Looking at my other passion, Sound Taxi was originally born in a course I was taking while reading for my MSc Digital Sociology. The course was The Sociological Imagination and we were given the assignment of exploring an assigned topic through a new digital means. My topic was intimacy and I decided to explore this topic through sound. I had the idea to explore the spaces I occupied – the city of London – through sound. This Is What London Sounds Like was born. Then in 2016, I travelled with my husband from London to Japan using only trains and ferries (yes, absolutely no planes). It was just before this trip that I decided to blow the dust off this idea and take it to the next level. I wanted to record my memories in a new way and re-design the relationship I had with my phone while travelling. I didn’t want to stare through the camera lens on my phone but rather record memories in a way that felt less intrusive. On another level, I was also just really curious about making my original research question public to others and seeing how others would respond. I thought this was interesting given that we usually record travel experiences using visual means and media.

I’ve recorded nearly 300 sounds now from 18 countries around the world, and I can tell you with absolute certainty that while each country has its own visual beauty, every place has its own unique soundtrack too. My other not-so-subtle message with this project is to get your head out of a screen. Take out your earphones. Listen to the world around you. Tune in and listen. We live in a culture that promotes talking, but not enough listening. Listening is the cornerstone to empathy, and my God, do we need more of that in the world.

I’ve travelled to Japan four times now and it never fails to amaze me. The diversity of the landscape and the wonderful blend of the appreciation of the old and embracing of the new – the creation of the manufactured and praise of the natural world is captured beautifully through sound. Saying all that, Mongolia with its vast landscapes and far-flung Buddhist temples was pretty amazing to record too.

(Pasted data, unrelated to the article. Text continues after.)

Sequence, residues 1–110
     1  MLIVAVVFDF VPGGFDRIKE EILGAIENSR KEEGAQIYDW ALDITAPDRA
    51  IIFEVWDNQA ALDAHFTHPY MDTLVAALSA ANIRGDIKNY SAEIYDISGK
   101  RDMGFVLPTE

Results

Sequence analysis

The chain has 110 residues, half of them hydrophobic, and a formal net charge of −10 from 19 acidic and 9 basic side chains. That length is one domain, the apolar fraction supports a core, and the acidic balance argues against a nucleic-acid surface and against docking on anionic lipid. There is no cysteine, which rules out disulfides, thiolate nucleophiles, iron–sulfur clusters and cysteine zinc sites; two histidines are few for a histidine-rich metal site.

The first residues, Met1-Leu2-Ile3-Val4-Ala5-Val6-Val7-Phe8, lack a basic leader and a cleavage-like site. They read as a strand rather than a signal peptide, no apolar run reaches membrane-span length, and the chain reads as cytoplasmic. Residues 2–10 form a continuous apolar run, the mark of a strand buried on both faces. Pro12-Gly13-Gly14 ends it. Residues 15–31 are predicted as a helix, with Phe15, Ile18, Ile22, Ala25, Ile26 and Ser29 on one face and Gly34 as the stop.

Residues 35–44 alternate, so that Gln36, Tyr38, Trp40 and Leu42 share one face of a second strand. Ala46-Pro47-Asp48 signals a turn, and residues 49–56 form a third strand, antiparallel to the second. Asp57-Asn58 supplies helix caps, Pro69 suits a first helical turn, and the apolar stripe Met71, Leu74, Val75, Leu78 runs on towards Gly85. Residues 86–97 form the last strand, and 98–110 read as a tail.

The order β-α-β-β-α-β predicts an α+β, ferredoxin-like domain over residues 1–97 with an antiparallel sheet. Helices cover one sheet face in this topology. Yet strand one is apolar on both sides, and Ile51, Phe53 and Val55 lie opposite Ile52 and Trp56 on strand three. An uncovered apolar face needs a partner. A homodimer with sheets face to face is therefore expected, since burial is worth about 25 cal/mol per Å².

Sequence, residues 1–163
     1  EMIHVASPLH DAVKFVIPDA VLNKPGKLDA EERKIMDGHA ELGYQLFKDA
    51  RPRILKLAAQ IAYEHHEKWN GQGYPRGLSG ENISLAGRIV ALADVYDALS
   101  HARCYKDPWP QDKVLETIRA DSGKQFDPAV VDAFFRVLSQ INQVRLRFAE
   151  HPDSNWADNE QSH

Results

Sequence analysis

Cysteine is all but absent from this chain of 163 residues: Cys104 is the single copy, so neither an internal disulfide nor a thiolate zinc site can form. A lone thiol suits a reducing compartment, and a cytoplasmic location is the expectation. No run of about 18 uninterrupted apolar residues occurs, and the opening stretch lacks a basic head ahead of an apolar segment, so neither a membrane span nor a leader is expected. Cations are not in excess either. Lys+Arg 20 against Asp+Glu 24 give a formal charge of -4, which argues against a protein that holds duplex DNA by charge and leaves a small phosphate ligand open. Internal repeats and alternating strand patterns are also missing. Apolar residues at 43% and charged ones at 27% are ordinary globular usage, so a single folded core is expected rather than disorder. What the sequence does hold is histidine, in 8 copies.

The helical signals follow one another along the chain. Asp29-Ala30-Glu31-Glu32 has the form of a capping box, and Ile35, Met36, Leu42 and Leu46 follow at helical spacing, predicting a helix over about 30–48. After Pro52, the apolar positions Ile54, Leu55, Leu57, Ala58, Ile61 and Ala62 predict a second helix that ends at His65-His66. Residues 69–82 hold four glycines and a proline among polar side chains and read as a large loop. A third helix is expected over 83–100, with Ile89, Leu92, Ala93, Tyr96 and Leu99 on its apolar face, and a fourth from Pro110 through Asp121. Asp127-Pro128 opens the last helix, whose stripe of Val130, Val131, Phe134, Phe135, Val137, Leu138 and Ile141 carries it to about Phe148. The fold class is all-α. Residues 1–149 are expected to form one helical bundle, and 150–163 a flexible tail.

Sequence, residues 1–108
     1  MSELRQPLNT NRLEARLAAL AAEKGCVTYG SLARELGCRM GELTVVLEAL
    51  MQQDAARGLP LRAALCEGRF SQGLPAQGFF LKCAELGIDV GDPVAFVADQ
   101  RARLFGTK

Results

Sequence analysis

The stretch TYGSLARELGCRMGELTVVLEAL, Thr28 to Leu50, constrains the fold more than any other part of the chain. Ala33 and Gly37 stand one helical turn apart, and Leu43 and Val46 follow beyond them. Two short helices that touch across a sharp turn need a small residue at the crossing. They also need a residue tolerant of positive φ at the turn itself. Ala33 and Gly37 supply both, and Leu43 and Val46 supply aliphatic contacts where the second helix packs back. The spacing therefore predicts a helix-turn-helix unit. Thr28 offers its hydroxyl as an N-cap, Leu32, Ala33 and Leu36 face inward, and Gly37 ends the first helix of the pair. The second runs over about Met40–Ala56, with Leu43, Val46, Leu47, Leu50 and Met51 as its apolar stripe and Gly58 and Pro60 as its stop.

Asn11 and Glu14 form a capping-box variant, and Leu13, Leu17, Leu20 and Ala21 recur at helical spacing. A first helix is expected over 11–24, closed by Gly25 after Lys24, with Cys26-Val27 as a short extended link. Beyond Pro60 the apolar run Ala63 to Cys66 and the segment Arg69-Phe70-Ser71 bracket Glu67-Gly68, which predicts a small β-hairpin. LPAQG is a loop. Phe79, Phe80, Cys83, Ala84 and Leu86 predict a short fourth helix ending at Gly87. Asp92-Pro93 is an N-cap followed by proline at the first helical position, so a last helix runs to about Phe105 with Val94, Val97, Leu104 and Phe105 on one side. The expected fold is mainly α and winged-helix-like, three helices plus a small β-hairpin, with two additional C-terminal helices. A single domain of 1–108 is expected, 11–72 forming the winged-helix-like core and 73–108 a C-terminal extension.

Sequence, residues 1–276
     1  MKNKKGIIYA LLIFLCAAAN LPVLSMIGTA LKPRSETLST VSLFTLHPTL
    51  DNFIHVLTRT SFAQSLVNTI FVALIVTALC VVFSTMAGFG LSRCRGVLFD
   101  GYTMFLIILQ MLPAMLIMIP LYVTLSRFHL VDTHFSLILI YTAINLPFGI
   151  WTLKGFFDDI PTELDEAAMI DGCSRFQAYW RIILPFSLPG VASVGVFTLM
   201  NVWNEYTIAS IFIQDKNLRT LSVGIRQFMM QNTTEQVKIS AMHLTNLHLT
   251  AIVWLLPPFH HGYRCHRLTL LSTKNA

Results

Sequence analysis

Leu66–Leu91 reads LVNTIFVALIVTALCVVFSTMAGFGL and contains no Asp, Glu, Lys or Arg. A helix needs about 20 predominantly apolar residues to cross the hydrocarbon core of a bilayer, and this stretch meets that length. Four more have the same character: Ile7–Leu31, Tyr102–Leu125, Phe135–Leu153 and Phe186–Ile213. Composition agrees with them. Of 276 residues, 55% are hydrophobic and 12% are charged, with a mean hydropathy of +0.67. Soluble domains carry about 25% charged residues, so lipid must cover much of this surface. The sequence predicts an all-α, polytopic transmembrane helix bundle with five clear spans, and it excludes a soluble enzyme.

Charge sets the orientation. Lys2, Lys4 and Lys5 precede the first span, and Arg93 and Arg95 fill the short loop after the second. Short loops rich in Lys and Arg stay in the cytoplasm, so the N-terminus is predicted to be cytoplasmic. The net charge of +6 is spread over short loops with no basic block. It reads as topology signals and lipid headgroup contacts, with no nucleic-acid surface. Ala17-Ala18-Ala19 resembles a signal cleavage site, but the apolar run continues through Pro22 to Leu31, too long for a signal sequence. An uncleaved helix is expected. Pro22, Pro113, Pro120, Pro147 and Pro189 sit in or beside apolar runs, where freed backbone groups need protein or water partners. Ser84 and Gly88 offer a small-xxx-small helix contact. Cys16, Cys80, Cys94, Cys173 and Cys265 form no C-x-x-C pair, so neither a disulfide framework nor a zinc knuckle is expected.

I’ve been desperate to record New York City and I got to do that this year, which was fantastic. I would just love to travel through South America and record life on that side of the world … but that is for another year in the future.

I think another reason I’m drawn to dance and collecting my sounds is because it is in such stark contrast to my daily life, which is so heavily entrenched in ‘digital’ work. Not just in the sense that it is connected to the Internet and the use of tools, but also the deep level of analytical and critical thinking time that is spent in the tech space. Dancing and Sound Taxi provide me with some wonderful moments to appreciate life from a different perspective.

My advice to anyone interested in Ballet Dancing is to find a teacher you love – they are key to enjoying the class and building your confidence if you’re trying something new. For blogging, find your unique take on a topic that interests you. That’s the best way to carve out an interesting space for yourself in the very cluttered world of digital information.

There is always more to life and work than tech. We are first and foremost human beings with biological, emotional and spiritual needs that must be fulfilled if we are to be at our best. The creative act of making or doing something with our physical form is innate. Instead of ignoring that part of ourselves, we should be doing all we can to embrace it.


To hear some of Lisa’s records on Sound Taxi, be sure to check the following link: